NORRIDGEWOCK — Athletic shoe manufacturer New Balance plans to hire 40 more workers by the end of the month, and a possible conversion to natural gas might mean even more jobs in the future, a representative of the company told residents Monday night.

New Balance is one step closer to cutting its energy costs after residents voted at the annual Town Meeting to approve the town’s first tax increment financing district.

John Campbell, director of corporate services at New Balance, spoke in favor of the tax break for a natural gas pipeline developer.

“We are a partner in the neighborhood here. We work with suppliers, local folks, local stores, to support our operations,” Campbell said. “This will secure us, to keep us going.”

Specifically, he said, natural gas could help New Balance stay competitive by combining its oil, propane and electricity systems, saving 50 to 60 percent on its energy costs.

Given overwhelming approval by residents, the TIF district will allow the town to redirect a percentage of the new property taxes generated by the pipeline back to developer Kennebec Valley Gas Co. to help the financing of a pipeline through central Maine.

The district also will act as a tax shelter, so increased property values won’t result in increased tax commitments. The town can use the percentage of new property taxes it keeps for economic development.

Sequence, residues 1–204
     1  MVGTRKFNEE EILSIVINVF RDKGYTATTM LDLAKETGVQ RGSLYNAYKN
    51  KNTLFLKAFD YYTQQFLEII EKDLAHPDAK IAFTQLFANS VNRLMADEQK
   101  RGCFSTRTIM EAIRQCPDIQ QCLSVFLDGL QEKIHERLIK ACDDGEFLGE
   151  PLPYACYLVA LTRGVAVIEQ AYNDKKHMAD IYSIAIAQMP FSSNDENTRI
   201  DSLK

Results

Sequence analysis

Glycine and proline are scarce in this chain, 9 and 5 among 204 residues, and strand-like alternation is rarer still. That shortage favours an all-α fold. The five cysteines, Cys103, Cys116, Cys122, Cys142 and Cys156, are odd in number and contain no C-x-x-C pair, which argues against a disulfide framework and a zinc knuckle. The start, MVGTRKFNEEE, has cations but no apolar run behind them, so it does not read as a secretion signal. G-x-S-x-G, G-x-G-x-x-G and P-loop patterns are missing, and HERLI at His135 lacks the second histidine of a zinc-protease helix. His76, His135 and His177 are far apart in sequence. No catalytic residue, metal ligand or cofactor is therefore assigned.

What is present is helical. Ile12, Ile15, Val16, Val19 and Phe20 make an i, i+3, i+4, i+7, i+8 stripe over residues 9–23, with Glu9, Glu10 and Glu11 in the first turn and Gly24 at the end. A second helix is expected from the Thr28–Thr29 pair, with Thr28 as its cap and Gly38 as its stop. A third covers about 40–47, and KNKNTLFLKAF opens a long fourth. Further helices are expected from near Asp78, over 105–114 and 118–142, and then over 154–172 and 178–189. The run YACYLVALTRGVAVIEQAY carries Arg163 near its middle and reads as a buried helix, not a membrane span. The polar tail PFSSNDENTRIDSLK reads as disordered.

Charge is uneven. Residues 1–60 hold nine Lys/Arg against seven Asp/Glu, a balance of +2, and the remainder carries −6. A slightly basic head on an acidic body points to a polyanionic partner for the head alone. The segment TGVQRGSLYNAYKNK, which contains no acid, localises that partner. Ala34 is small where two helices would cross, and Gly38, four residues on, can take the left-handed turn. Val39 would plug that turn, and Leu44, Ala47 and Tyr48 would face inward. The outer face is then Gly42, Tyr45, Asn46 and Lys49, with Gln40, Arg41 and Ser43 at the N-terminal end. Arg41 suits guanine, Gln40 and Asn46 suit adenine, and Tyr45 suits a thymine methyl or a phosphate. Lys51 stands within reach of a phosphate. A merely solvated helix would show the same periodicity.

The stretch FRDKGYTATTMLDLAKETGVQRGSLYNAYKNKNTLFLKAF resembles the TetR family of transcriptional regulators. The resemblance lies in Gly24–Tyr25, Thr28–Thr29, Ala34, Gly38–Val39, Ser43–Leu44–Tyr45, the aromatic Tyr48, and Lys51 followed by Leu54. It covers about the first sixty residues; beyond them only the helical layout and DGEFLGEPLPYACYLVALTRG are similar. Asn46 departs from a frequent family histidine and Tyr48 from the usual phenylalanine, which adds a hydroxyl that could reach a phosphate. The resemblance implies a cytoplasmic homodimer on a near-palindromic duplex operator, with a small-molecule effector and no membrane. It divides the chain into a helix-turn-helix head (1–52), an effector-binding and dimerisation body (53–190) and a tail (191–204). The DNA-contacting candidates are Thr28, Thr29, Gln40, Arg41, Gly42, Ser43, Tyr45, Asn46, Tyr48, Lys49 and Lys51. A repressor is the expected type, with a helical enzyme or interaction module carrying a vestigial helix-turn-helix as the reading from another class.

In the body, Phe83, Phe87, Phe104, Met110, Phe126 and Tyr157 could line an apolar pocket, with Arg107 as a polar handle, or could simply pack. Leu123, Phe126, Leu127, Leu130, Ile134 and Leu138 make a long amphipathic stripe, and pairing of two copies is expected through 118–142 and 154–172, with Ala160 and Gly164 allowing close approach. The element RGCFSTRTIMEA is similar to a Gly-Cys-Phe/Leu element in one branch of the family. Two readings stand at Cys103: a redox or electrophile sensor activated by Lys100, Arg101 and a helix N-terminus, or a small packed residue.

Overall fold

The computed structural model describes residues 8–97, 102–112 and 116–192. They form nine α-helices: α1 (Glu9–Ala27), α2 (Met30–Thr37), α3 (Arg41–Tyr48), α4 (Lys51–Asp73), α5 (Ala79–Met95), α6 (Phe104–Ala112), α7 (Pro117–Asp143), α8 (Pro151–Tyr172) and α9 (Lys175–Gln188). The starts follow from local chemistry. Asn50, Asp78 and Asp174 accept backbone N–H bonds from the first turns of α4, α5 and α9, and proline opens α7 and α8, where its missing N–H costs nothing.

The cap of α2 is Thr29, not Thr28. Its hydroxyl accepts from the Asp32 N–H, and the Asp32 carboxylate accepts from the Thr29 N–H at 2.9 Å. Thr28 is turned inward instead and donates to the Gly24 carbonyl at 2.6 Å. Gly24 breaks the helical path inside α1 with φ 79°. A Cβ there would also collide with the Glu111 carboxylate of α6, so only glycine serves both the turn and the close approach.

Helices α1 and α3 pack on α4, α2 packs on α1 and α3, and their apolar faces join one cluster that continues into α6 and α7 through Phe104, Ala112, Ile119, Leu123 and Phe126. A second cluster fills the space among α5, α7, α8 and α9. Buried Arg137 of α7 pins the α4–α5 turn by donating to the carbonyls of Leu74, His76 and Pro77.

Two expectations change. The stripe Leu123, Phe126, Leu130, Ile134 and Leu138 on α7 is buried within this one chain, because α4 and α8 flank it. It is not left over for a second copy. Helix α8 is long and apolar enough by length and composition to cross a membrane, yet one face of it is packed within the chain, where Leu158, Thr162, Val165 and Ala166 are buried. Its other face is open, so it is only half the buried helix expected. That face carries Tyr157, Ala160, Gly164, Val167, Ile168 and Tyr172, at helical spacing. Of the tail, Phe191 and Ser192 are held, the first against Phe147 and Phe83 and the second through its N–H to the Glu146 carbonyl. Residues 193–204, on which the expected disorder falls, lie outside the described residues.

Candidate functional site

Selectmen announced their personal support for the tax break, which would return 80 percent of new property taxes to Kennebec Valley Gas during the first 10 years of the pipeline’s life and 20 percent to the town.

In years 11 through 15, 60 percent would return to the developer and 40 percent to the town.

Selectmen chairman Ron Frederick said he originally didn’t like the idea of a TIF, but he changed his mind after learning of the potential benefit to local businesses, such as New Balance.

Selectman Laura Lorette, who owns a diner on Main Street, said it’s important for people to think of the bigger picture.

“By giving us in the central Maine area another option, it is only going to hopefully reduce energy costs and operating costs … and whether you personally are going to benefit … I think we have to look at the larger picture.”

About 150 people out of about 2,380 registered voters attended the meeting at Mill Stream Elementary School.

 

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